The Multiplying Effect of Knowledge

Intellectual capital —that is, knowledge— is often underestimated.

Whenever goods are exchanged, the selling party deducts them from an inventory and receives money in return. However, that does not happen with knowledge. If properly processed, whoever receives that knowledge increases his or her intellectual heritage and information level. But whoever transfers it still retains the knowledge. If dealing with more than a simple piece of information, quite frequently such knowledge is enhanced and perfected during the process. This is what happens to teachers every day—a truly perfect win-win situation!

Today’s communications tools, especially the Internet, provide a virtually limitless supply of information, including very valuable university level courses in different disciplines. Apple Inc. [AAPL] through its iTunes Store, and YouTube, a subsidiary of Google Inc. [GOOG], offer an endless menu of free academic materials in various media formats, such as video and audio, and are related to virtually all areas of knowledge taught in dozens of renowned universities from around the world. The areas of knowledge covered include business, engineering, mathematics, science, fine arts, medicine and health sciences, history, humanities, languages, literature, social sciences, pedagogy, and education. Because this scheme is fully flexible, it can be extended with virtually no limits. Examples are MIT’s courses on video, and an analysis of various famous literary works from the University of British Columbia in Vancouver. It is important to consider that these academic institutions and companies are highly competitive and feature their best talents within their vast range of options. There is no way to overstate the monumental importance of this kind of development: the highest quality, university education, is now available worldwide for free!

In order to provide an idea of the extensive variety of possibilities mentioned in the paragraph above, we must underline that when this survey was conducted, more than one hundred prestigious universities from different countries, such as the United States, Canada, the United Kingdom, France, Spain, and Australia, were already offering this amazing free service.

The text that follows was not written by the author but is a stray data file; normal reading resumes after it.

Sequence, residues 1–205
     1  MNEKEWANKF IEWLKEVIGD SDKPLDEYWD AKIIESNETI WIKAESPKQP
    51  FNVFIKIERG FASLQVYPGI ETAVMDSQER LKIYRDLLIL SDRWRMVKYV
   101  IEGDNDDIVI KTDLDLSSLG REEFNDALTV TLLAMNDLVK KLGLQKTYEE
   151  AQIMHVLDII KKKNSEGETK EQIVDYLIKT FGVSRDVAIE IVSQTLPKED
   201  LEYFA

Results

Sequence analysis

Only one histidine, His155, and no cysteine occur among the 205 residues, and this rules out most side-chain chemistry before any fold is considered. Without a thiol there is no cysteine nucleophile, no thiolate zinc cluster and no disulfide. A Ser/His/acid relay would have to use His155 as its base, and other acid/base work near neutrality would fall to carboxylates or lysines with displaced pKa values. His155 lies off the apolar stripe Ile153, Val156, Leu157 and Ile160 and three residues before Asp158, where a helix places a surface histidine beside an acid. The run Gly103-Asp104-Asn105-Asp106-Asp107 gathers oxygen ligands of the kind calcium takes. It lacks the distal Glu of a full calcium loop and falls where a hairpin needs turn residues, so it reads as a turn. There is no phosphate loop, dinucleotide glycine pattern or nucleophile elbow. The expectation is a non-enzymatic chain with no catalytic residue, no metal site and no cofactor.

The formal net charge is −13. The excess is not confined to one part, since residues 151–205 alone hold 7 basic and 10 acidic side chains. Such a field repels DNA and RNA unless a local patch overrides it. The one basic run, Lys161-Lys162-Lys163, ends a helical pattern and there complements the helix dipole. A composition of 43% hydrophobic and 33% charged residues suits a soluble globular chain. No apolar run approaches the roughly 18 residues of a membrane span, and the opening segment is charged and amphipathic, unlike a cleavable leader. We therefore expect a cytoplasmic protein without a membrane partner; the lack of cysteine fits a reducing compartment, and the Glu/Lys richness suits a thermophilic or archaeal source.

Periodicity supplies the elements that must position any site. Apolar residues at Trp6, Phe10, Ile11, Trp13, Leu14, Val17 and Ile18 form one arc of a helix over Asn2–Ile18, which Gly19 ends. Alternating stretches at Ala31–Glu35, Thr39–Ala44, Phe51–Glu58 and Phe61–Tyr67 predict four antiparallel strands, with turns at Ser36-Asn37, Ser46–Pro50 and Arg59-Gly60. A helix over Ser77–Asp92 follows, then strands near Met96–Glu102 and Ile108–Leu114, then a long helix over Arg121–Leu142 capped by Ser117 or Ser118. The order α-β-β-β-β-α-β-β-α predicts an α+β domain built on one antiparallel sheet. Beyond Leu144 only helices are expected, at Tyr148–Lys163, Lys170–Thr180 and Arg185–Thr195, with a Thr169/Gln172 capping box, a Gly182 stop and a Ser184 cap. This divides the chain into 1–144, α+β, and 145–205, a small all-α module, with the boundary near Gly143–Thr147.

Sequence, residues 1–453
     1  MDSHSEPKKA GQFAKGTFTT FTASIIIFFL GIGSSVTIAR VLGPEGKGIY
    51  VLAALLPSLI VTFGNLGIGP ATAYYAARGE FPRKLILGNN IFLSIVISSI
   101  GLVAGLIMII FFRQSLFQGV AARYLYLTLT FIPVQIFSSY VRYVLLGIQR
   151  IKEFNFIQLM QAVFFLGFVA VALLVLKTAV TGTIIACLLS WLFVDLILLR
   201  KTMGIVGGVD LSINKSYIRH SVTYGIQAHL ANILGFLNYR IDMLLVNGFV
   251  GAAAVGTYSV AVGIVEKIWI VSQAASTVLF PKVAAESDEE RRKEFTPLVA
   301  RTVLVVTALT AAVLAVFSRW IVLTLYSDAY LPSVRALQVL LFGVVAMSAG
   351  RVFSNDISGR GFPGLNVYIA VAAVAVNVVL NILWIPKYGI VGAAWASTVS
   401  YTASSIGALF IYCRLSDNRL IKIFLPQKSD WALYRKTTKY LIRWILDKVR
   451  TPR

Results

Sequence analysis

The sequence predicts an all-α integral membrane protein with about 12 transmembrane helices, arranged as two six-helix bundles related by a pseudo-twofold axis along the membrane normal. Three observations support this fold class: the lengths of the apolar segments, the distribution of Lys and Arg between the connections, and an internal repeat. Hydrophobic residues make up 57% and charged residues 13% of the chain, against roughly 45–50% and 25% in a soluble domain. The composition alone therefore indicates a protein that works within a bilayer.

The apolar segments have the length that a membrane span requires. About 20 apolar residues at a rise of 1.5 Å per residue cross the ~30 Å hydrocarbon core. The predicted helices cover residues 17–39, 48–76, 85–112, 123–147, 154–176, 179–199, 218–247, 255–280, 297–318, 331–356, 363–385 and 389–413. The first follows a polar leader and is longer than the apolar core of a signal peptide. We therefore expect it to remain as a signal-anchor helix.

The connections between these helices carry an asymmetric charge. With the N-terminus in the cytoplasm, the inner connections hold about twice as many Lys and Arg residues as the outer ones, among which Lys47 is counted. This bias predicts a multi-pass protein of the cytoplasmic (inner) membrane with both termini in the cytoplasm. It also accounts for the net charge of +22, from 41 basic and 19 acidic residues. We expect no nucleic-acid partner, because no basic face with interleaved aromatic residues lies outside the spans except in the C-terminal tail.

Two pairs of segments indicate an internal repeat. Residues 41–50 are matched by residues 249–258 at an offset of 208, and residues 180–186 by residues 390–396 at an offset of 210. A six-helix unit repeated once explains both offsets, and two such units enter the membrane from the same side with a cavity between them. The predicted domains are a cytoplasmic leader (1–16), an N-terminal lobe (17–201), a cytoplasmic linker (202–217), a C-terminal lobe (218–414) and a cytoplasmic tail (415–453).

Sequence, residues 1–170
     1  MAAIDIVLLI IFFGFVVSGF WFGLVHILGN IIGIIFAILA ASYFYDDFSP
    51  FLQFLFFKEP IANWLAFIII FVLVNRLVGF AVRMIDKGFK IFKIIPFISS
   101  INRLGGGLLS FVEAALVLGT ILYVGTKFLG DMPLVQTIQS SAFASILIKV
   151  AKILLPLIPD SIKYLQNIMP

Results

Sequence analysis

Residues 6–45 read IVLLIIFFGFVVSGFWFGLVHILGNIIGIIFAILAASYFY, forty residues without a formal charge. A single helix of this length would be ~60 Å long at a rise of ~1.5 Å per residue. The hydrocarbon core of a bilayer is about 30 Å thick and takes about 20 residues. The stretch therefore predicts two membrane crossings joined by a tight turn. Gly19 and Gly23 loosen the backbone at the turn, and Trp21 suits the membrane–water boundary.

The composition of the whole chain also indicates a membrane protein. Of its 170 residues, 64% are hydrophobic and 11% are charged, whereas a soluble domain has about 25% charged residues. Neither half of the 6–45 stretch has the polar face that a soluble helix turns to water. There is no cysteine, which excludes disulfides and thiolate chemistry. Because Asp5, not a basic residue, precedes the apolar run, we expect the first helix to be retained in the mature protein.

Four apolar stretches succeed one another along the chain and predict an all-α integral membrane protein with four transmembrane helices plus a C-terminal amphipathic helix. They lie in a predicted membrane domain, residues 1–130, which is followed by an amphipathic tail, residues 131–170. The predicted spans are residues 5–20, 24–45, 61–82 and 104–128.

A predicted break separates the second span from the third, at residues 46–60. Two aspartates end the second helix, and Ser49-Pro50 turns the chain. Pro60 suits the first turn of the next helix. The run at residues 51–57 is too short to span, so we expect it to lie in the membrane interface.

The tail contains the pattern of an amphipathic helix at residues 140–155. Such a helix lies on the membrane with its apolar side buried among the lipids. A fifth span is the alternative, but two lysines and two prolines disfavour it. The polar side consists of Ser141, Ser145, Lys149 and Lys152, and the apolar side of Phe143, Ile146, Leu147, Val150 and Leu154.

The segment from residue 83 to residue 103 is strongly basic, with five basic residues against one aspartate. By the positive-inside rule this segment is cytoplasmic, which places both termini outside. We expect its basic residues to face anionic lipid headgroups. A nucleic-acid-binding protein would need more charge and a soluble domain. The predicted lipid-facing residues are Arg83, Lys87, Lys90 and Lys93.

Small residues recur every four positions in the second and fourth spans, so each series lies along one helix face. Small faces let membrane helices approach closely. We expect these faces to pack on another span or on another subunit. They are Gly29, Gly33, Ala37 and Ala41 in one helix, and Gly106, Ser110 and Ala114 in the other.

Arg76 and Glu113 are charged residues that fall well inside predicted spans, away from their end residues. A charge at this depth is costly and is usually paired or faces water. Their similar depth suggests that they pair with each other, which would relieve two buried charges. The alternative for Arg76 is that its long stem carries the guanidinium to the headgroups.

There truly is no way to overstate the extraordinary opportunities, many of them free, that our times offer to anyone who is genuinely willing to improve his or her skills.

Information availability has undergone a radical transformation since the Internet’s birth. Just take a look at Google [GOOG], Wikipedia, and social networking. Not too long ago, only a few narrow-minded, jealous guardians had access to information and knowledge. This is no longer the case —the current amount of available information is overwhelming, quite frequently at a nominal cost, as the case previously exposed. In fact, we now suffer from the opposite problem, surplus instead of scarcity of information. This makes it imperative to analyze all the available information, so as to be able to keep the best and discard the rest.

Even knowledge follows the principles of creative destruction. Good sense about the content, of course, should include a very high dose of basic moral values in addition to appropriate intellectual essence.

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  1. […] We have been trained to think that globalization has to do exclusively with global matters. And generally speaking, that is true. Globalization’s genesis is knowledge and what we choose and don’t choose to do with it. This involves taking in something that comes from the outside and making it one’s own –expanding the base of knowledge. Therefore every time we expand our knowledge we are increasing our level of interaction with the world, and therefore globalizing. In this regard, you might enjoy reading our analysis on The Multiplying Effect of Knowledge. […]

  2. […] its ominous consequences is still often painfully misunderstood, or what’s even worse, forgotten. The cumulative, collective knowledge process is the universally known pattern of how we humans advance our knowledge through time. However […]

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